Is it really so hard to make friends in Sydney?

I know that news headlines are designed to catch our attention, but I recently came across two headlines that really struck a chord with me for a variety of reasons. The first was published on 13 July and read ‘Sydney has been ranked as the third-worst city in the world for making new friends.’ The second article dated 23 July and was closely related to the first article, titled ‘Not a single person will talk to you: Why it’s so hard to make friends in Sydney’. There were a couple of reasons that caused me to pause, read the articles and even do some research to find out if in fact these articles were credible. The first is that both articles are deliberate in refencing friendship, or unfriendliness as is the case. The second is that they both specify that it is Sydney, or the people of Sydney that appear to be unfriendly. According to the articles, Sydney is ranked alongside 53 other countries (just in case, like me, you thought it was only comparing Sydney to other States and Territories. To add insult to injury, there was a third headline, which followed shortly after ‘Australia’s friendliest city is Perth and Sydney is a long way behind’).  

The articles both agree that Sydney is world famous for its beaches and celebrated landmarks. It is a beautiful city and when the sun shines, there is always reason to have a party. However, when it comes to making new friends, we aren’t doing so well. The articles quoted that 71% of respondents reported that Sydney was a difficult place to make a genuine connection with others. Kim, one of the survey participants, said that she finds Sydneysiders “difficult to engage with on a personal level, whether they be strangers on the train or parents in her daughter’s school community”. In researching these articles on social media, it seems that many foreigners agree that Sydney has a reputation as being “impenetrable for newcomers”. She went on to say that there is a misconception that people in cities like London or New York are rude and disrespectful, but her experience was exactly the opposite. She established really good relationships with people all over the world rather easily. But in Sydney, no one on the train wanted to chat to her. Neither did patrons at cafes or bars who’ll often just give a one-word answer.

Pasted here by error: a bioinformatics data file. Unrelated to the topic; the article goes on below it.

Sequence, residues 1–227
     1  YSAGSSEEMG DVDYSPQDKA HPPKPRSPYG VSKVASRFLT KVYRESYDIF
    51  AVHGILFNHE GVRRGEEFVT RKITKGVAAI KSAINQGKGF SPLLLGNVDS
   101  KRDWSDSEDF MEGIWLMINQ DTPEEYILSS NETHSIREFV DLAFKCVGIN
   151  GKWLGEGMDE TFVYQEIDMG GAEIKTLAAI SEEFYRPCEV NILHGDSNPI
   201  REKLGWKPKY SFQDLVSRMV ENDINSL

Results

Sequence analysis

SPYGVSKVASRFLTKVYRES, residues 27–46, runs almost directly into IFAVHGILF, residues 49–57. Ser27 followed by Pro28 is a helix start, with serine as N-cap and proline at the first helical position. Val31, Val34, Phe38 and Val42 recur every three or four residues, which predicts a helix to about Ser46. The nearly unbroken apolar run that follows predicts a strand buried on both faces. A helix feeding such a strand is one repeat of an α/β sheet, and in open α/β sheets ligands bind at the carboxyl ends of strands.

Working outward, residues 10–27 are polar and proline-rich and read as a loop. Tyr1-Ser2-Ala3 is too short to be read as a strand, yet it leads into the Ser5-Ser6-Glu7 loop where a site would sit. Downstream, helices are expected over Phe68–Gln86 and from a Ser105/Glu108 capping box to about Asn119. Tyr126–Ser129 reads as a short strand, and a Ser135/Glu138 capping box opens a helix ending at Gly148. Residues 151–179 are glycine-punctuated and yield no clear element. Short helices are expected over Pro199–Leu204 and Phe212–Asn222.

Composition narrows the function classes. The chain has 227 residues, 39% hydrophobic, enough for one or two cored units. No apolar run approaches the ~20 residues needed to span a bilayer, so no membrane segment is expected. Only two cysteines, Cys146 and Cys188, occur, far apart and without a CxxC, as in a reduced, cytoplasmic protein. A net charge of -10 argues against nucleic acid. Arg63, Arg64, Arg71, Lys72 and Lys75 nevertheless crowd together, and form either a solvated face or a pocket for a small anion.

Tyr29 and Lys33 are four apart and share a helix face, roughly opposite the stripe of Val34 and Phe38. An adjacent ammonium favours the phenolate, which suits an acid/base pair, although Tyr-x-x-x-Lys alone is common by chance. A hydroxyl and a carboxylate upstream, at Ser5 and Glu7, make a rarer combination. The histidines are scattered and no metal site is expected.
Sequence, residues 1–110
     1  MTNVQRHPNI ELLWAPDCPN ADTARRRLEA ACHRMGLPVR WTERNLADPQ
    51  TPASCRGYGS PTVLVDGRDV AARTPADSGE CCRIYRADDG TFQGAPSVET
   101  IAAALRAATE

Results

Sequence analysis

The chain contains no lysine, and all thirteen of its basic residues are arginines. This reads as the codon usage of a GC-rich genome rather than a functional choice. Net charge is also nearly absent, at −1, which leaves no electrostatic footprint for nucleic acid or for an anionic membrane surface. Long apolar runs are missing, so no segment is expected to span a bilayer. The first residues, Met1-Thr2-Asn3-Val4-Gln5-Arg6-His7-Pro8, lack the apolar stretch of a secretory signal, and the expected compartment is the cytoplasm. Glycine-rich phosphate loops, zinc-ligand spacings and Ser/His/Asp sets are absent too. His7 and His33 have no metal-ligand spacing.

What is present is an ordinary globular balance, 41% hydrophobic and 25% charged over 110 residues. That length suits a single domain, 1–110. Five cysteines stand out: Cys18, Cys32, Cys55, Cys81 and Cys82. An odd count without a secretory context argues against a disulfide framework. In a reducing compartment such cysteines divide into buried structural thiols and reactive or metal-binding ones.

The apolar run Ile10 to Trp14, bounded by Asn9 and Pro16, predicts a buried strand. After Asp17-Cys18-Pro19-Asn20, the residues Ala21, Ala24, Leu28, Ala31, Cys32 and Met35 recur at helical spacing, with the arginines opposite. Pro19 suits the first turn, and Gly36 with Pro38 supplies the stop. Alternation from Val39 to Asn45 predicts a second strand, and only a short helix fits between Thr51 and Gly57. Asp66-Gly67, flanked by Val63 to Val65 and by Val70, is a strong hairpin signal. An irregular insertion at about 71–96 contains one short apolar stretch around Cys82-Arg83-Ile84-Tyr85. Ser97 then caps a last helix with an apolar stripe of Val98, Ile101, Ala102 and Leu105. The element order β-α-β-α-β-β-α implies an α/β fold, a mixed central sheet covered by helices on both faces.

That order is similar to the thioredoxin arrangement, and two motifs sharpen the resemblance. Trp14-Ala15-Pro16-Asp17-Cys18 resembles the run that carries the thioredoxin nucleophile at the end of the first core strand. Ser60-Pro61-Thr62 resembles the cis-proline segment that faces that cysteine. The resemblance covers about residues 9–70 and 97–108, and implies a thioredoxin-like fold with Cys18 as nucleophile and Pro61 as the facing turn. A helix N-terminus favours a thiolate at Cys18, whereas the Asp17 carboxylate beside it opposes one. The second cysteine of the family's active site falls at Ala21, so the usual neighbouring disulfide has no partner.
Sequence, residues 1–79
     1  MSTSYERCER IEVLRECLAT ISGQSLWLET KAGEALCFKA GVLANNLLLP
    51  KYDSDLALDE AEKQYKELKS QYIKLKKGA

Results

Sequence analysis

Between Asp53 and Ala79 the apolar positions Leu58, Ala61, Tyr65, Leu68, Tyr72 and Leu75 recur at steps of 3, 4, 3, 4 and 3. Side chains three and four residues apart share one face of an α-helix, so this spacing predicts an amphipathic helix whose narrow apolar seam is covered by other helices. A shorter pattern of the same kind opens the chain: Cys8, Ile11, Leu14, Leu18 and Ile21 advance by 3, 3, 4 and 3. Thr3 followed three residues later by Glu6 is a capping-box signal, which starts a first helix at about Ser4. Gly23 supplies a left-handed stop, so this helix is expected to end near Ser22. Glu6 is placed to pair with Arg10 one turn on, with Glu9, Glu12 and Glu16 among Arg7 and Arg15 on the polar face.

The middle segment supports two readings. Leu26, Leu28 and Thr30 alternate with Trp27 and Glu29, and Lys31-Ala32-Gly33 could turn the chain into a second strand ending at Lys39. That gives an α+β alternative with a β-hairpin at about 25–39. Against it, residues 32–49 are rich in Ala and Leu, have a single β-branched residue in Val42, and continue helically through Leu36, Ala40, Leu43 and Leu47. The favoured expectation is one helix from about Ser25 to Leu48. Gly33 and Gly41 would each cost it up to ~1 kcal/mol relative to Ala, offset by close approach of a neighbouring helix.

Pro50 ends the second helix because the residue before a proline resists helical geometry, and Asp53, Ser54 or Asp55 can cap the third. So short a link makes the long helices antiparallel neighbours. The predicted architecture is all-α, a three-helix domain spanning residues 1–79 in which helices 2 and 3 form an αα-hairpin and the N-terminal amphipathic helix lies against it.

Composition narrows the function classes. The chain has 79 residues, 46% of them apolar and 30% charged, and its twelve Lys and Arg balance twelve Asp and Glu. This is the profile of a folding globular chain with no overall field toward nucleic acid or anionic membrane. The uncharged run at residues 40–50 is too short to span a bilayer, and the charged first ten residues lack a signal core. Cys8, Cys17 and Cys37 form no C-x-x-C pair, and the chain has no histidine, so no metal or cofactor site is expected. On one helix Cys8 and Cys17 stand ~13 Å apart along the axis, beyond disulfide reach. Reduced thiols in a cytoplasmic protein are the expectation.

There is plenty of research proving that friends are good for your health. Having friends, even one friend, is enough to prevent isolation and loneliness. Friends reduce the risk of depression and offer support in times of trouble and during times of celebration. Friends can also:

  • Increase our sense of belonging and purpose
  • Boost our happiness and reduce stress
  • Improve self-confidence and self-worth
  • Encourage us to change or avoid unhealthy lifestyle choices or habits
  • Help us cope with traumas 

Of course, friendship is not dependent on age. From newborn babies all the way through to old age, there is no shortage of community social groups creating opportunities for people of all ages to meet other like-minded people in an effort to create friendships. At Moriah, we now provide opportunities for parents and grandparents to interact with their children and grandchildren under 2 years old as part of our Yad B’Yad program. Our grandparents club also actively provides opportunities to engage and connect with the Moriah community. At school, the variety of sporting and cultural cocurricular activities are designed to generate new friendships. Class groupings, camp rooming and activities are all organised with friendships in mind. We are strategic in the way we organise such groupings throughout our students’ schooling. On the Israel Study Tour, we make sure to group students carefully, based on current friendships and the opportunity to make new ones.  We often receive feedback from parents concerned their son or daughter only has one or two friends in their group. It is these parents who write to us after IST thanking us because their children have made so many new friends rather than rely on the friendships they have already established. In fact, we rearrange the rooming every time we move to new accommodation to encourage students to make friends with those with whom they would perhaps not have spoken to during their daily interactions. This same rationale applies to the way in which we organise rooming and activity groups during Counterpoint.